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Hosted VoIP vs Unified Communications

Updated on September 6, 2011

Merging Communication Platforms

All of us make use of multiple streams of communication with others and we train ourselves to think of these streams as separate and distinct from one another with no interoperability. Though it's inefficient, it poses no major problems for the average person in their personal life. That's because at an individual level, our communication needs are limited and don't go beyond our circle of friends. The communications themselves are not complex and we can do without specific management.

A business on the other hand is an entirely different matter. To get things done, employees communicate with each other far more often and in more complex ways. Here, the problems with not having an integrated stream of communication becomes noticeable. SMSs sent to a person are not part of the transaction record for example. Voicemails can't be easily accessed and stored. Email and chat are not integrated. This leads to a loss of productivity. But new technologies like VoIP have the potential to break down these barriers and provide a single interface for multiple communication streams both real time and otherwise.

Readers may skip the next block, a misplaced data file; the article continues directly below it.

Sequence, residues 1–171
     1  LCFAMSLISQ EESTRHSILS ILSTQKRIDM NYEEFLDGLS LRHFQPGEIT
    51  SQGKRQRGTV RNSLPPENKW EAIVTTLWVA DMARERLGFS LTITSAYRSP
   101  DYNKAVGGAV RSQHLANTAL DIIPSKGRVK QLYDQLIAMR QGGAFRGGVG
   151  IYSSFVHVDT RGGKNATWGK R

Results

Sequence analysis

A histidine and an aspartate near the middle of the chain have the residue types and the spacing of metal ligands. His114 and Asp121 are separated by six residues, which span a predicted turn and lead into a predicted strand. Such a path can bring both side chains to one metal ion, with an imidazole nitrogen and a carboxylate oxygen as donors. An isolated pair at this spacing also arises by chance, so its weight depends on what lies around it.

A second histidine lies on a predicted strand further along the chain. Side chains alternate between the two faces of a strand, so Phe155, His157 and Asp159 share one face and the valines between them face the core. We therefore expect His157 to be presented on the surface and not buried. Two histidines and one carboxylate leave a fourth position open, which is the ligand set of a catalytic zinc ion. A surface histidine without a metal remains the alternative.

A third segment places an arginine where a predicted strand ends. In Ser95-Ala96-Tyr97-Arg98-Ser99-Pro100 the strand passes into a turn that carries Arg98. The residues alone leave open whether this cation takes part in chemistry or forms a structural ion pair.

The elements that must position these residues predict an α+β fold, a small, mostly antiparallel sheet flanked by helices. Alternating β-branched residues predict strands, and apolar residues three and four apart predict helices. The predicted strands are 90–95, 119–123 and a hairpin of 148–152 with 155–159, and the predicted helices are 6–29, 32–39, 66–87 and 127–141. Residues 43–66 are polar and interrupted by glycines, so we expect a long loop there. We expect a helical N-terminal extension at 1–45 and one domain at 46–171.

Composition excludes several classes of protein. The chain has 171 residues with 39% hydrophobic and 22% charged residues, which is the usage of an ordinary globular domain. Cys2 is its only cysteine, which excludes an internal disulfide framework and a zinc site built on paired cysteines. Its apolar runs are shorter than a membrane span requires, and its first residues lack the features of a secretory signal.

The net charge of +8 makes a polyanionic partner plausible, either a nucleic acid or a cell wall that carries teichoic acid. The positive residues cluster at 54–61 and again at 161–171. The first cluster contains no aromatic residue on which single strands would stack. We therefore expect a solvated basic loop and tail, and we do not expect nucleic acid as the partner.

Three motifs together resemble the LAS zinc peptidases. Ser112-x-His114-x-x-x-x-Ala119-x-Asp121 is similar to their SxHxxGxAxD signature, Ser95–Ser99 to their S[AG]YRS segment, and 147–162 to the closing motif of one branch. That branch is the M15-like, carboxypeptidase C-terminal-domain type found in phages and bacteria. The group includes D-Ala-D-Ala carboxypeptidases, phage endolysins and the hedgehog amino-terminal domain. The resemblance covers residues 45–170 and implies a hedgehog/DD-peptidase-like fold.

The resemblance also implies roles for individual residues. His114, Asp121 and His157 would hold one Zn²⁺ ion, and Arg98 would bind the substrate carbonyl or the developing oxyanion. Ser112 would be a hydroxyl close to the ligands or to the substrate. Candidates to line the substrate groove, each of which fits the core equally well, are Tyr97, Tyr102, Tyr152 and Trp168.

Companies take two approaches to streamlining their communications - hosted VoIP and a full blown unified communications system which is in house.

Unified Communications and Hosted VoIP
Unified Communications and Hosted VoIP

Cost vs Flexibility

Large companies who don't have to really worry about financial considerations tend to go for the latter with their own communications system. They have their own servers which are specially maintained, their software is specifically customized to their requirements and they have dedicated staff to oversee the operations, apply upgrades, patches and implement security measures.

The result is a system which is uniquely built for the specific organization in question. It integrates email, voicemail, telephone systems, IM, and SMS. The downside is that all this is too expensive for a small or medium sized business. But true to its nature, the Internet has a flexibility which we can make use of to provide these services to every business no matter how tiny.

The solution of course is hosted VoIP where a third party ITSP hosts and maintains your entire telephony requirements including HD VoIP services. Access is provided through proxy servers. The availability of SIP servers is worldwide and businesses can revamp their entire organization no matter where in the world they are. It's like hosting a website on someone else's server - something that almost every does. You don't need to spend a lot of money to do it and you can upgrade your plans as your requirements become more and more complex.


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      prosenjit22 6 years ago